After three months of waiting for the FFA to prepare their report, Thomas and Brett expected it to be thorough and correct. However, the report did not capture much of the information that Thomas and Brett provided to the FFA and, at times, even mixed up their characteristics. For example, a description of Thomas’ personality was attributed to Brett.
“It was thrown together,” Brett said. “It would have been nice for it at least to have been accurate.”
The process that Thomas and Brett undertook to become certified will soon be overhauled. On January 1, 2017, Los Angeles will adopt the Resource Family Approval Program (RFA). RFA aims to make the licensing process more rigorous and more efficient by combining the certification requirements for fostering and adoption.
Potential foster parents are expected to undergo increasingly rigorous certification standards. In theory, this is a positive step to ensure children’s wellbeing. However, it increases the burden on potential foster parents, and the question remains: Are agencies putting all the information they collect to good use?
Despite the shortcomings of the FFA’s report, Thomas and Brett were granted foster parent certification. Soon after they were certified, they received a call from their FFA asking if they would agree to have three girls placed with them. The social worker described the girls as Hispanic siblings ages 3, 6, and 11 who were “compliant.” The worker believed that they had been homeless, living in Venice Beach.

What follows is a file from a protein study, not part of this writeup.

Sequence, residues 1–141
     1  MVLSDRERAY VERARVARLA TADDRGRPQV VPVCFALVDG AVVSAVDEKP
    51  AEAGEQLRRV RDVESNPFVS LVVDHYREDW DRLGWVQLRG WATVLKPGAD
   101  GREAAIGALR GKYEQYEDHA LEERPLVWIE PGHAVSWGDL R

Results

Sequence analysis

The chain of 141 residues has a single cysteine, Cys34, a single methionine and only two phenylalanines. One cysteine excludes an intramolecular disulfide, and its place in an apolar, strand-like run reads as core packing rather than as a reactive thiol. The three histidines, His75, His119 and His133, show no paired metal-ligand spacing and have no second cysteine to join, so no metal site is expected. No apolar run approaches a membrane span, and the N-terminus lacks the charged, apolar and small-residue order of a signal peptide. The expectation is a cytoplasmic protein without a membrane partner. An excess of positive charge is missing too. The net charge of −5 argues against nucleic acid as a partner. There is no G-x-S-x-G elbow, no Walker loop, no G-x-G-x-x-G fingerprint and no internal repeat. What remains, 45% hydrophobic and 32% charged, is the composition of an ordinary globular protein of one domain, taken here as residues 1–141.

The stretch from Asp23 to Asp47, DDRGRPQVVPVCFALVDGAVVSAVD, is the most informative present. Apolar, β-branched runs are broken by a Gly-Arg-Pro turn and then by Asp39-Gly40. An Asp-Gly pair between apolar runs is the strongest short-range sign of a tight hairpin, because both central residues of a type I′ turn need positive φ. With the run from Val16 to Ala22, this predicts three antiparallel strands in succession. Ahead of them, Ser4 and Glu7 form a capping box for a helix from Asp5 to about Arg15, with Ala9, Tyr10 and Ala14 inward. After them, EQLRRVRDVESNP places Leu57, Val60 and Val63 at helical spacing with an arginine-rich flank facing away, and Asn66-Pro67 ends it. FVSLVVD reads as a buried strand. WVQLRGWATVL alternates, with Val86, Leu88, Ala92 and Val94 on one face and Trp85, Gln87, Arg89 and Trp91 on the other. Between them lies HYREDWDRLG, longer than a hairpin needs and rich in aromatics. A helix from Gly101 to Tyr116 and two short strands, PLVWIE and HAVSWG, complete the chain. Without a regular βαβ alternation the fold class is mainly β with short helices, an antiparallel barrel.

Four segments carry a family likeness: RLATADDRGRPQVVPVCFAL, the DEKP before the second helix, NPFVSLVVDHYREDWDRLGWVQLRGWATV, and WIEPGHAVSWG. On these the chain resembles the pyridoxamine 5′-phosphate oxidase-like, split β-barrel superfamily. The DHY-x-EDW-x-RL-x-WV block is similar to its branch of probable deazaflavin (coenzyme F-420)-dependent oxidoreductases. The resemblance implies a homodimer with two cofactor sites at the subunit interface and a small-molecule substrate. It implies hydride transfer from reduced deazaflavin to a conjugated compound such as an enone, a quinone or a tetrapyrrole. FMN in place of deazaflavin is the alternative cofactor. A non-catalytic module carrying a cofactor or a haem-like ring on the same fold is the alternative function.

Thomas and Brett were given 15 minutes to decide if they should accept these girls into their home.
“You have to decide if you’re in or you’re out based on a tiny little bit of information,” Brett said.
Though they had specified in their application that they would take a maximum of two children, the social worker pushed them to take all three girls, the couple said. Wanting to help and under the impression that this would be a short-term placement, they conceded.
That afternoon, the social worker dropped three African American girls off at Thomas and Brett’s home. Not only were Thomas and Brett surprised by the mismatch between the children described on the phone and the children who arrived on their doorstep, but the children were also surprised to be greeted by Thomas and Brett. They were told they would be going to a heterosexual couple’s home.
By day two, Thomas and Brett began to see another error in the description of the girls: They were not in fact “compliant.” The 11-year-old began geographically locating herself using the smart phone Thomas and Brett had given her, and sending messages to her mother to pick them up. The mother was involved in a gang, and other members of the family had criminal histories. At the same time, the 6-year-old began physically abusing her siblings.
By day three, Thomas and Brett knew that they were ill-equipped to parent all three girls and voiced the need to find a different placement for at least two of them to their social worker.
“We were in over our heads with three very challenging girls,” Thomas said.
Reflecting back on the situation, Thomas and Brett wish they had more information about the girls prior to agreeing to the placement.
“We were not able to know what we were expecting in our home,” Thomas said. “That could have put us at risk, but more likely could have put the girls at risk.”